This book provides a concept about SEZs. In this globalization world, most developing countries are witnessing a shift away from an import substitution based development strategy to one based on export promotion policy. As part of their policy instruments to promote exports, many of these countries are vigorously promoting export processing zones (EPZs) or SEZs. A special economic zone is a geographical region that has economic laws which are more liberal than the usual economic laws in the country. The basic motto behind this is to increase foreign investment, development of infrastructure, job opportunities and increase the income level of the people. SEZ s are good from the point of view of growth and development. It increase income level of citizens, encourages competition and lowers labor costs. Some perceive that these Special Economic Zones are engine of economic growth. India was one of the first in Asia to recognize the effectiveness of the Export Processing Zone (EPZ) model in promoting exports, with Asia's first EPZ set up in Kandla in 1965. With a view to overcome the shortcomings experienced on account of the multiplicity of controls and clearances, with a view to attr
Please note that the content of this book primarily consists of articles available from Wikipedia or other free sources online. Waldemar Koch (25 September 1880 15 May 1963) was a German liberal politician and economist.He was born in Bad Harzburg, Lower Saxony. Koch studied Economy and worked for years for AEG.During World War I he was a military in the German army. In 1918 he joined the German Democratic Party (Deutsche Demokratische Partei). Between the wars he worked as an economist and professor on the Technical University of Berlin.After World War II he co-founded the Liberal Democratic Party of Germany (LDPD) in the Soviet Occupied Zone (SBZ). In 1945 he was briefly the Chairman of the LDPD, but the Soviets forced him to resign after a few months. He opposed the land reform plans of the Soviet authorities and the Socialist Unity Party (SED).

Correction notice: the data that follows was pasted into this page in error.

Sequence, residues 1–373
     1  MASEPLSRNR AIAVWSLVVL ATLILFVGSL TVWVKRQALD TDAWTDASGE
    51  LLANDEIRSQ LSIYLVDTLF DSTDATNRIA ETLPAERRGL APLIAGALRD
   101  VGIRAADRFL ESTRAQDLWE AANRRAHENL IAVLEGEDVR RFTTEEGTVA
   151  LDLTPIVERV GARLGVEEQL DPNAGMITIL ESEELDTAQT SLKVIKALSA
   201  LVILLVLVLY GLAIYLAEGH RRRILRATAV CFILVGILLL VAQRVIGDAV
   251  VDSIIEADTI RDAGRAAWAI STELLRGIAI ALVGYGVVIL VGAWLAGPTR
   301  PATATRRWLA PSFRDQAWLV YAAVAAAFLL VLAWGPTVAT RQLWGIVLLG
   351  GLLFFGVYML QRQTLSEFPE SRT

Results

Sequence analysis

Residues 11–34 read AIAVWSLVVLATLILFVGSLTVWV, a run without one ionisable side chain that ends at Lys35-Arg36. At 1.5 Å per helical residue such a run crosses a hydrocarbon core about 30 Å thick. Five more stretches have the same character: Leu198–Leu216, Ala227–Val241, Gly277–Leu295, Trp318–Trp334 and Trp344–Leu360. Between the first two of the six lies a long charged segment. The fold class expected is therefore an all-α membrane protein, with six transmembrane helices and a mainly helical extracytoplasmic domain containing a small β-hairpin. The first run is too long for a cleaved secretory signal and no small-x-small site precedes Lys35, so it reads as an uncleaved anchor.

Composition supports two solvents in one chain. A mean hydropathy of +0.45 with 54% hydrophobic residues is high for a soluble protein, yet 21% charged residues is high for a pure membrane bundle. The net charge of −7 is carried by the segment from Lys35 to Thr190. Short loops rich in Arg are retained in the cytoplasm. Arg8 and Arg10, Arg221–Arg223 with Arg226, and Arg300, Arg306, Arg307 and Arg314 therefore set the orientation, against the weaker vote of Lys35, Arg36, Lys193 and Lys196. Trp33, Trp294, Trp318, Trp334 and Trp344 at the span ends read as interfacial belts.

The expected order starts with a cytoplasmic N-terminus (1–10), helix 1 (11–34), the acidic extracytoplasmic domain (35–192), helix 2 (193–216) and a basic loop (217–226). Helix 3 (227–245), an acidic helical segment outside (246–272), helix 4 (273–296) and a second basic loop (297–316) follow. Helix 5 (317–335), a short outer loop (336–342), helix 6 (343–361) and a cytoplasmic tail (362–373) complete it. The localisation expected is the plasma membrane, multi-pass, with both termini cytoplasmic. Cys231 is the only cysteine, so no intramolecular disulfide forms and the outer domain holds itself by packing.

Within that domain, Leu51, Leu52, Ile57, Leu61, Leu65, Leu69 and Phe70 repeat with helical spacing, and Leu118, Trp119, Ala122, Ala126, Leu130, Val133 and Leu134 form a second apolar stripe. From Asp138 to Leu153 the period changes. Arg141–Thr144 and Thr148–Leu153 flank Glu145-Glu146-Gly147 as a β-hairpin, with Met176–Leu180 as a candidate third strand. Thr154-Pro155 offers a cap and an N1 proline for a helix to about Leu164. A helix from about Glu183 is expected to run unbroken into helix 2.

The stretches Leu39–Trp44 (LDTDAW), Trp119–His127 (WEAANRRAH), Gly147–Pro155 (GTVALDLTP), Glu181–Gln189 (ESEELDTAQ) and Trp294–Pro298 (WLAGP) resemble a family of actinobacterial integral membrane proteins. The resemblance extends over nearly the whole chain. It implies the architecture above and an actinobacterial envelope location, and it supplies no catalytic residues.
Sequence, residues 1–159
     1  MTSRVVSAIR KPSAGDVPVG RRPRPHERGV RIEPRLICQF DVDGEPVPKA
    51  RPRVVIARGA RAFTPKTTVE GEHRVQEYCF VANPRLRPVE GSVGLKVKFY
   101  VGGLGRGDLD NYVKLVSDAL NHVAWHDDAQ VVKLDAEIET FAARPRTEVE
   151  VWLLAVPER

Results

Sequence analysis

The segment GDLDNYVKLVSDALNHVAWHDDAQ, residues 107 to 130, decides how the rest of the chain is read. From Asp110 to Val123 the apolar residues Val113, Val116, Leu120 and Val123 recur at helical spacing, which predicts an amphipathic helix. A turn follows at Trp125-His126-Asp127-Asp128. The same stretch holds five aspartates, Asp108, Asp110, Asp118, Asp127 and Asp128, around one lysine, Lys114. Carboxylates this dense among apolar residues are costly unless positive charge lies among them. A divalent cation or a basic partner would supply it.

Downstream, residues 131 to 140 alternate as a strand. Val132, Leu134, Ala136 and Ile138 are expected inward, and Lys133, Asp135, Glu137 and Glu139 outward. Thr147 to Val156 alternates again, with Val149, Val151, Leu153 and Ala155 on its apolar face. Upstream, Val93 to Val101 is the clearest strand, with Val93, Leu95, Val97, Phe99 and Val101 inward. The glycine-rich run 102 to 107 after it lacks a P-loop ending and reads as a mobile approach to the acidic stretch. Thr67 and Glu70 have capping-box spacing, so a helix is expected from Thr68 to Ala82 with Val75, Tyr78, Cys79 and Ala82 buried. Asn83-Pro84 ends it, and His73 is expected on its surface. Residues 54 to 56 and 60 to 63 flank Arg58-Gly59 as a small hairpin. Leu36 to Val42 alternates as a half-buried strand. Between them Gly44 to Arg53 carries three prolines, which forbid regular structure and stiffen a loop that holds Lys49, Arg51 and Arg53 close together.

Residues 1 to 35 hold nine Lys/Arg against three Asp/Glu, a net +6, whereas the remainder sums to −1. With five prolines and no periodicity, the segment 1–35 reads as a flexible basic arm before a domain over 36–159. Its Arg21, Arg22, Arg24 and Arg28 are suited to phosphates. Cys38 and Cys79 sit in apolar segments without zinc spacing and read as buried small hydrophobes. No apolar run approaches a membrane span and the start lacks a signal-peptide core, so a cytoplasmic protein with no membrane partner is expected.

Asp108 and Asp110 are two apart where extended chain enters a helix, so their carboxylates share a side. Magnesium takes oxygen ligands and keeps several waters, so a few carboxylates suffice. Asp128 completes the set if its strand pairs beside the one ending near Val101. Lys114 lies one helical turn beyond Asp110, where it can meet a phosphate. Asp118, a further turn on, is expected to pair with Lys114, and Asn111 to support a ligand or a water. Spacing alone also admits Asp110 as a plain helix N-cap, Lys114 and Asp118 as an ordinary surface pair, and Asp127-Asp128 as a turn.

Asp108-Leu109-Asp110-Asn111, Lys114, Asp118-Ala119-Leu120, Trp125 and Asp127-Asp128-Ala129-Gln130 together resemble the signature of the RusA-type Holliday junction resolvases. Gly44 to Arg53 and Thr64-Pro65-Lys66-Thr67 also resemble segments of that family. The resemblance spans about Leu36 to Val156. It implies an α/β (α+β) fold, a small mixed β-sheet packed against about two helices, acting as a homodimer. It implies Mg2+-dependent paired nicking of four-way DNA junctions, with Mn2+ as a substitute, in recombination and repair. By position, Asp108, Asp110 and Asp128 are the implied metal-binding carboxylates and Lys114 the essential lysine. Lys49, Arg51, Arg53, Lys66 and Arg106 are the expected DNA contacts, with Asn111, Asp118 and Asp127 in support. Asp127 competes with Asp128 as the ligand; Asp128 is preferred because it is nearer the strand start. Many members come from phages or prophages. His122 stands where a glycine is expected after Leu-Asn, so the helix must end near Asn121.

This study explores the peace agenda of the New Partnership for Africa's Development (NEPAD) in the light of the liberal peace theory. Initiated by a crop of democratically elected leaders at the turn of the new century, NEPAD fosters good governance within each AU Member State, regional integration and partnership with the rest of the world. By pooling their resources together, not only do conflict-prone countries improve their economic performances, they also become increasingly interdependent and unwilling to destabilize their neighbours. The research focuses on the rule of law (republican constitution) and hypothesizes that the implementation of NEPAD at the country level is a proactive way of building a civil peace given the plan's explicit support for political and economic liberalization. Being one of the powers behind NEPAD, Nigeria offers a particular case study of internal conflict in the oil-rich zone of Niger Delta. The study unveils home-grown peace breakers that continue to hide behind the mask of self-determination of indigenous people within a sovereign state. The book critically challenges conventional wisdom and provides insights to students and Peace scholars.
This book sets out a concrete analytical and empirical framework to understand the Euro-zone crisis and the deep disintegrative tendencies of Euro-Atlantic neo-imperialism. It explores how the authoritarianism and austerity led from above in the transatlantic world cultivate right-wing populism and racist hysteria from below, especially in relation to the global power-shift to China and other emerging economies. The authors argue that ordoliberal/neo-liberal austerity cannot reverse the decline of western economies, if anything, it precipitates their downfall and the re-launching of globalization under Asian primacy. The book will appeal to students, scholars and policymakers across the fields of International Political Economy, European Politics and Critical Social and Political Theory.
This book seeks to understand the politics of nationalism in the buffer zone between Russia and the West: Azerbaijan, Georgia, and Moldova, as well as Russia itself. It problematizes the official ways of defining the nation, and thus citizenship, in the light of "frozen" ethno-territorial conflicts and broader geopolitical discrepancies between Russia and the West. The author analyzes the politics of birthright citizenship policy in these countries and rejects the assumed connection between territorial nation-building and liberal democracy. The project will interest academics and graduate students in the fields of comparative and post-Soviet politics, nationalism, and citizenship, and international relations policy professionals.